DB: I’ve recorded various demo CDs over the years thinking they were great at the time. ‘Truth or Dare’, ‘Rise’ and another demo CD called ‘Standing Tall’ were released years ago but quickly pulled as I wasn’t happy with the production. A few songs from those albums were re-recorded and appear on my more recent releases as I really like the songs. I don’t even have copies of those demo albums anymore.
MMR: One of the most impressive things about your music is that you handle everything yourself. From songwriting to playing all of the instruments to mixing to production. It is quite envious, especially to those of us that were not blessed with a single musical talent. How is that you came to being able to do all of that yourself?
DB: Lots and Lots of practice! I’ve always been interested in writing my own songs. Even when playing in cover bands I wanted to throw an original song in the set or record an original track. As far as mixing and production goes, I guess I’ve been doing it a very long time. I used to record on those little 4-track cassette recorders. I’d “bounce” so many tracks that it was amazing I could make anything sound decent at all! As technology has improved it has given many musicians the opportunity to produce good sounding music. There are so many great producers out there and I’m always listening and learning.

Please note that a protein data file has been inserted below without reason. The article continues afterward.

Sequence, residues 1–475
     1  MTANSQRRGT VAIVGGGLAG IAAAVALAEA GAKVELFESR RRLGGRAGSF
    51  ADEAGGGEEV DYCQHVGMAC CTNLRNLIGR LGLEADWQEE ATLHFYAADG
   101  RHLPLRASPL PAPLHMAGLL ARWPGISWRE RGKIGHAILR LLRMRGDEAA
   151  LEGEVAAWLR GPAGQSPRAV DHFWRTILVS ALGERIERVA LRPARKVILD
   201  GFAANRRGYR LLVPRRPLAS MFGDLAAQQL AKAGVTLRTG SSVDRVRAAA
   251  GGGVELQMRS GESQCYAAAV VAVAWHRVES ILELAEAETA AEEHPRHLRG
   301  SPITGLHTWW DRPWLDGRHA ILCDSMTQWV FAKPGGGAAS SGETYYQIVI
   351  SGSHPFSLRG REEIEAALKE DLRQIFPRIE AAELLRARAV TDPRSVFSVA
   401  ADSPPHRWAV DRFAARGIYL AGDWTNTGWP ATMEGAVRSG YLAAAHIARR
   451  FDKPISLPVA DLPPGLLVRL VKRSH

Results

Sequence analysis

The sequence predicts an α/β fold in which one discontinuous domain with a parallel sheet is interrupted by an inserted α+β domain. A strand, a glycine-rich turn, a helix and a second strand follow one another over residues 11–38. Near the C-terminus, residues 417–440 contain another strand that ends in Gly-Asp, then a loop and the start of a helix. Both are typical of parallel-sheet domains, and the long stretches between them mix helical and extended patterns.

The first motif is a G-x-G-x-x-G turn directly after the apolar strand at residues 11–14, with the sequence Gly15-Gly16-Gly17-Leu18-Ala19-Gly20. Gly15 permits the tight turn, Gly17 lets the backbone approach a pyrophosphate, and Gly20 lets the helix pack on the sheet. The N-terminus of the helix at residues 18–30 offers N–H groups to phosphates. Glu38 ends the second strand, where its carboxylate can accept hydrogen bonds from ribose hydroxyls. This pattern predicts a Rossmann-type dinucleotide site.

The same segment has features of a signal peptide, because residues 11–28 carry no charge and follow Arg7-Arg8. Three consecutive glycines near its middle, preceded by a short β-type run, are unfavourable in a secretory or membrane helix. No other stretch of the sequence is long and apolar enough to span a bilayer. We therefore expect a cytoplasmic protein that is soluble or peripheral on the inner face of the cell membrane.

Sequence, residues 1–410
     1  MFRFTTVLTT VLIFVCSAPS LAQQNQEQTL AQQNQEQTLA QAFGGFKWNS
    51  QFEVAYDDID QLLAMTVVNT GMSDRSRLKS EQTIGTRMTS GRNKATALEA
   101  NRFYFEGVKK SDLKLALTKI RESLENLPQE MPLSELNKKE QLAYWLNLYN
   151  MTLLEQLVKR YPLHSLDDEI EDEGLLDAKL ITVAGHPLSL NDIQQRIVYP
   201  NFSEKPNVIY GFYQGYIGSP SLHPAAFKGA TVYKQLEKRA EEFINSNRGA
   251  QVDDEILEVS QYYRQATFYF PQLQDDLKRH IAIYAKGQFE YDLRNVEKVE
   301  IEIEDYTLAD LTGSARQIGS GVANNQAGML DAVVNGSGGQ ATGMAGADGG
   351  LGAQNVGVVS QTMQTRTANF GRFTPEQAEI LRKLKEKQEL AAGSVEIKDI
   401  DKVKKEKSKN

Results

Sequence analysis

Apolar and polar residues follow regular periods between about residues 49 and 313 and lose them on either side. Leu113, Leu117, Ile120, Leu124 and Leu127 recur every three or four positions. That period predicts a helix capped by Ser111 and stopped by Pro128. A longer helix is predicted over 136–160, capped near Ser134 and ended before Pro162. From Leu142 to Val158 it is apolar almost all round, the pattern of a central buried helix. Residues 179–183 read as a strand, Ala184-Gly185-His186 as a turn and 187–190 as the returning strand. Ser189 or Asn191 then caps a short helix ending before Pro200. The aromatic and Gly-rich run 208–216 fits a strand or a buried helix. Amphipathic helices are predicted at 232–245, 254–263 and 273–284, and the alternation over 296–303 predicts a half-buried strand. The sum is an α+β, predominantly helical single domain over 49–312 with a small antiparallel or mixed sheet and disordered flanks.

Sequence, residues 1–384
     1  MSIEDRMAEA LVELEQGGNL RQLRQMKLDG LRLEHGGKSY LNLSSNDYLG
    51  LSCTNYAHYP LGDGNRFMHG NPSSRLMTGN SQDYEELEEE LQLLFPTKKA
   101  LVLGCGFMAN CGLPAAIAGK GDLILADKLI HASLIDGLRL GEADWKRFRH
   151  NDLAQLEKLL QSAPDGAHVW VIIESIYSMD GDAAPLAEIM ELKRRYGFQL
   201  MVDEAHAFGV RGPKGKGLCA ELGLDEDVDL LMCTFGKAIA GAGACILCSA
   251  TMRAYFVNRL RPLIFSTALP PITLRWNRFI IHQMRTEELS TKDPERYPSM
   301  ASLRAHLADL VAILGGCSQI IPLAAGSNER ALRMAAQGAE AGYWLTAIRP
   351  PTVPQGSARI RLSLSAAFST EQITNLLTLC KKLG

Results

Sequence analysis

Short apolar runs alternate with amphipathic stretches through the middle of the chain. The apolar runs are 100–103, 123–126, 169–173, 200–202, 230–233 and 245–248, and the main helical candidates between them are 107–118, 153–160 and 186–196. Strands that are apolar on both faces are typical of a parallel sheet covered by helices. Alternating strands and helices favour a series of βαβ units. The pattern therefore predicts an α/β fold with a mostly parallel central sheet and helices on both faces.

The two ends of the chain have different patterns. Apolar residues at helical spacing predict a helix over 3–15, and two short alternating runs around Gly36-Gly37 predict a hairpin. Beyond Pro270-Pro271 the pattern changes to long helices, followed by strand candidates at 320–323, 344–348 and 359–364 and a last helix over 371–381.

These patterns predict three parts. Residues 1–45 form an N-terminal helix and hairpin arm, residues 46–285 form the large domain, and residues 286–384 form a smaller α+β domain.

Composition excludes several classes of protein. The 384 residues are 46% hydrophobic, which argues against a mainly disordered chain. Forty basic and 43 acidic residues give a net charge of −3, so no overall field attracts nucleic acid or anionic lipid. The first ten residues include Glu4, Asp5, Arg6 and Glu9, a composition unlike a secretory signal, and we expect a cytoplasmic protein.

MMR: Here in the USA the music scene basically sucks ass these days. Artists like Justin Beiber, Rihanna, Lady Gaga and Nickleback pervade the radio waves here while most of the melodic rock genre bands are coming out of Europe. Obviously you have some phenomenal artists like Rick Springfield and Keith Urban there, but I have noticed what seems to be an influx of melodic rock bands coming out of Australia. What is the musical landscape like there and is this genre of music relevant there?
DB: The landscape here is pretty much the same as the US I think, especially in regards to radio play. There are some great melodic rock bands in Australia but like the US, the genre isn’t the most popular.
MMR: Melodic rock and AOR are sadly not very popular genres of music these days. Which I certainly do not understand. Most artists in this genre struggle to get by and have to maintain day jobs as well just to make ends meet. There are very few bands with the longevity of someone like Bon Jovi that are still able to sell out arenas. Thankfully artists like yourself are still putting out music for us fans regardless of this fact. What is it that keeps you releasing this genre of music with the music scene being what it is these days?